Rethinking the Growth Imperative, by Kenneth Rogoff, Commentary, Project Syndicate: Modern macroeconomics often seems to treat rapid and stable economic growth as the be-all and end-all of policy. ... But does it really make sense to take growth as the main social objective in perpetuity, as economics textbooks implicitly assume? ... Wouldn’t it make more sense to worry whether conflict or global warming might produce a catastrophe that derails society for centuries or more?
Even if one thinks narrowly about one’s own descendants, presumably one hopes that they will be thriving... Assuming that they are significantly better off than one’s own generation, how important is their absolute level of income?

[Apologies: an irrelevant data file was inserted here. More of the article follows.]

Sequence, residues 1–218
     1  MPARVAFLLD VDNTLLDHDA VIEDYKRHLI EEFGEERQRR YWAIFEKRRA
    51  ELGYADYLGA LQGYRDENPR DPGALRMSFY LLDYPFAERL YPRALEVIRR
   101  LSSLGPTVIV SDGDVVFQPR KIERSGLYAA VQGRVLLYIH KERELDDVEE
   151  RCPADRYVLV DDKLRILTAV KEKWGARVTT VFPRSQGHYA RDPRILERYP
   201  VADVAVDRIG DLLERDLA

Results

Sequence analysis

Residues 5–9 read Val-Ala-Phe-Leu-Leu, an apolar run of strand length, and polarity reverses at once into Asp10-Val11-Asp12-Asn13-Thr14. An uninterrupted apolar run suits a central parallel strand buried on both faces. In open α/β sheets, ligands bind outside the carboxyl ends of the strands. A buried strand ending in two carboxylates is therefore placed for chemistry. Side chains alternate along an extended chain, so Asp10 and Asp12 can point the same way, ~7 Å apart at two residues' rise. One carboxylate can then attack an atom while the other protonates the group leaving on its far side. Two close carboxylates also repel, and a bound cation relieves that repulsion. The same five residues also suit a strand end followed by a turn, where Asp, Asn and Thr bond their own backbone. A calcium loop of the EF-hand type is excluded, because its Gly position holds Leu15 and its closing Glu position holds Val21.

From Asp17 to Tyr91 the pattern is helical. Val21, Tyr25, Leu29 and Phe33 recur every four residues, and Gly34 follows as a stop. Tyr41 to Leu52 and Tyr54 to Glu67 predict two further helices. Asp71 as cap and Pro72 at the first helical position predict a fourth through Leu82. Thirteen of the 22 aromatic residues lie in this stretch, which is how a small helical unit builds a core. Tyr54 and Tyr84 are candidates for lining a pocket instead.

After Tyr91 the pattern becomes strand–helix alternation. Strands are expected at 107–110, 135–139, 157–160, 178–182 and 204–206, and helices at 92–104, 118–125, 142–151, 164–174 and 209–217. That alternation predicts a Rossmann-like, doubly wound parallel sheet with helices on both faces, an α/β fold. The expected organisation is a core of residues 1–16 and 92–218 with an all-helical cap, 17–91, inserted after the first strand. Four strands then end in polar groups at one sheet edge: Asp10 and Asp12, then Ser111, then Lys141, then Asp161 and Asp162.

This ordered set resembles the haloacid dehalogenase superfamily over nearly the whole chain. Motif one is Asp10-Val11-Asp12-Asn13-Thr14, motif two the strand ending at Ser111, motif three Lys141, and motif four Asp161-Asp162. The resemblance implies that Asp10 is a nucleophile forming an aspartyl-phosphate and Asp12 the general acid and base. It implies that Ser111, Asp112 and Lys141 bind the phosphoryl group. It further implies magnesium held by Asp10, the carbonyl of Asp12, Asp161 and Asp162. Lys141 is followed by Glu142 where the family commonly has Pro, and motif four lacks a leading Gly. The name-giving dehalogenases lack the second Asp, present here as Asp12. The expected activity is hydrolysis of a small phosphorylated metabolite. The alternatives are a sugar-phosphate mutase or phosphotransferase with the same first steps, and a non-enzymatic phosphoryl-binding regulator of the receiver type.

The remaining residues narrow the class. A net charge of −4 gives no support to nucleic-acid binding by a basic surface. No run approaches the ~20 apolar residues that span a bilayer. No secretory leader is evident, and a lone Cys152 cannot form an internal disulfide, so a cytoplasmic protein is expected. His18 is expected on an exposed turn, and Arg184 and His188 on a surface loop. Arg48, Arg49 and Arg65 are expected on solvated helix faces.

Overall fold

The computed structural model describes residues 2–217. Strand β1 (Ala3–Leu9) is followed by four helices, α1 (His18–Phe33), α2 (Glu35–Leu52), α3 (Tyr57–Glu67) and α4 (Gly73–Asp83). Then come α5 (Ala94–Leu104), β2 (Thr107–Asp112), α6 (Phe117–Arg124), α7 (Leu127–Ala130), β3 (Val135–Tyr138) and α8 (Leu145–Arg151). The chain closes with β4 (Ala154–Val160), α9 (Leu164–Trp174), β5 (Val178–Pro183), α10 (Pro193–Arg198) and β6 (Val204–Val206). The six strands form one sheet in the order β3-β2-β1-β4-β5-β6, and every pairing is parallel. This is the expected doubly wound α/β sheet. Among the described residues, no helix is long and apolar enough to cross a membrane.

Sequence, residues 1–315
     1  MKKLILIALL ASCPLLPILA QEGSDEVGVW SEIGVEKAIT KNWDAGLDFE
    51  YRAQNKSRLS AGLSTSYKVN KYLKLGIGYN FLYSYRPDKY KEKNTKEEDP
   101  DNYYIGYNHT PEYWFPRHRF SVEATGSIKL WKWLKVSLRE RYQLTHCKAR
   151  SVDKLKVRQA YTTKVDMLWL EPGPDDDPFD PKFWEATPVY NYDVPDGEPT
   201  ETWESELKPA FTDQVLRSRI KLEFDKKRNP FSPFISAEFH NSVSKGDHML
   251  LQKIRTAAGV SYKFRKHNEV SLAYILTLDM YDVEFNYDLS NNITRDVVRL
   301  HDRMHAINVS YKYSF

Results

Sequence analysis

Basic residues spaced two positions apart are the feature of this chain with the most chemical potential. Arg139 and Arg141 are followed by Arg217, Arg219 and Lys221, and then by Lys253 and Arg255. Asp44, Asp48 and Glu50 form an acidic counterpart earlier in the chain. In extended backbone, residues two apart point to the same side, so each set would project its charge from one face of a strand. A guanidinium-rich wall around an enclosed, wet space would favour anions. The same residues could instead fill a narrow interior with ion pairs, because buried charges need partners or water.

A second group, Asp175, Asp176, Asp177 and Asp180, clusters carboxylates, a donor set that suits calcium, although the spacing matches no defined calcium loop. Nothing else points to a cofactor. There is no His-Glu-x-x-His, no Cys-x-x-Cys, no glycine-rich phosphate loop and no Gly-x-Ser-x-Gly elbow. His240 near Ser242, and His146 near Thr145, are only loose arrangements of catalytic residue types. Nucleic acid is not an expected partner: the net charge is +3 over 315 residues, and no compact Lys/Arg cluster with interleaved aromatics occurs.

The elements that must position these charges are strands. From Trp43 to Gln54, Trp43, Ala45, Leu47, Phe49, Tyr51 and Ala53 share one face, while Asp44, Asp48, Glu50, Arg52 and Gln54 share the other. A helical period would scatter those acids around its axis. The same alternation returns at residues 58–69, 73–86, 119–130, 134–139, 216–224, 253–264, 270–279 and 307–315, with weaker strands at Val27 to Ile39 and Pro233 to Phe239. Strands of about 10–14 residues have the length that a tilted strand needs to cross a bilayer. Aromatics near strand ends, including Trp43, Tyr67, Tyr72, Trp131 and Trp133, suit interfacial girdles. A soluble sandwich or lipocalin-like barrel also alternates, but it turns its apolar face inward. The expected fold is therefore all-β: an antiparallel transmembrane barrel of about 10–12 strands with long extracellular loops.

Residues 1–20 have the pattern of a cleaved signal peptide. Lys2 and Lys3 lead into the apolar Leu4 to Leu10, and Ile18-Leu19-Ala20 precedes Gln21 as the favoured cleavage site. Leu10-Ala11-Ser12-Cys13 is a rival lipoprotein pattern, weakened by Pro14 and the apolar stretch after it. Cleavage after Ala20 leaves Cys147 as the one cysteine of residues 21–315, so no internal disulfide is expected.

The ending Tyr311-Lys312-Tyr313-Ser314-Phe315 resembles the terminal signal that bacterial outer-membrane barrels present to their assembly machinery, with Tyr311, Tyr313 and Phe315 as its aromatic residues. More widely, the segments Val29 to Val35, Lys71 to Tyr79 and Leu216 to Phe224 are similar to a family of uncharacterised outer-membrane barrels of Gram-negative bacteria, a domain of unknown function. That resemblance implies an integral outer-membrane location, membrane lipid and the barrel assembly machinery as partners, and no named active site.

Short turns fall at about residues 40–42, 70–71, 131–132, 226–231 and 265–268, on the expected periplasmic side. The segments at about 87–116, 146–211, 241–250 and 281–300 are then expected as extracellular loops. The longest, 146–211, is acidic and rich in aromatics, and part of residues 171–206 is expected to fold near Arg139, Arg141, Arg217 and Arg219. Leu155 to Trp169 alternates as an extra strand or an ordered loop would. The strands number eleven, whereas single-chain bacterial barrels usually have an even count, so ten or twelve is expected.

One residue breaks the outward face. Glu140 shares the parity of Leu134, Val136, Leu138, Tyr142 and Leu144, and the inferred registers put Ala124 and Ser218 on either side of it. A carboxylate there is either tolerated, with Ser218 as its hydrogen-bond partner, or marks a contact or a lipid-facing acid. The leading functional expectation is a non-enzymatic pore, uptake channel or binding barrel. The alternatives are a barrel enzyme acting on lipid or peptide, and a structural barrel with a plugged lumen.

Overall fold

Perhaps a deeper rationale underlying the growth imperative in many countries stems from concerns about national prestige and national security. ... An economic race for global power is certainly an understandable rationale for focusing on long-term growth, but if such competition is really a central justification for this focus, then we need to re-examine standard macroeconomic models, which ignore this issue entirely. ...
In a period of great economic uncertainty, it may seem inappropriate to question the growth imperative. But, then again, perhaps a crisis is exactly the occasion to rethink the longer-term goals of global economic policy.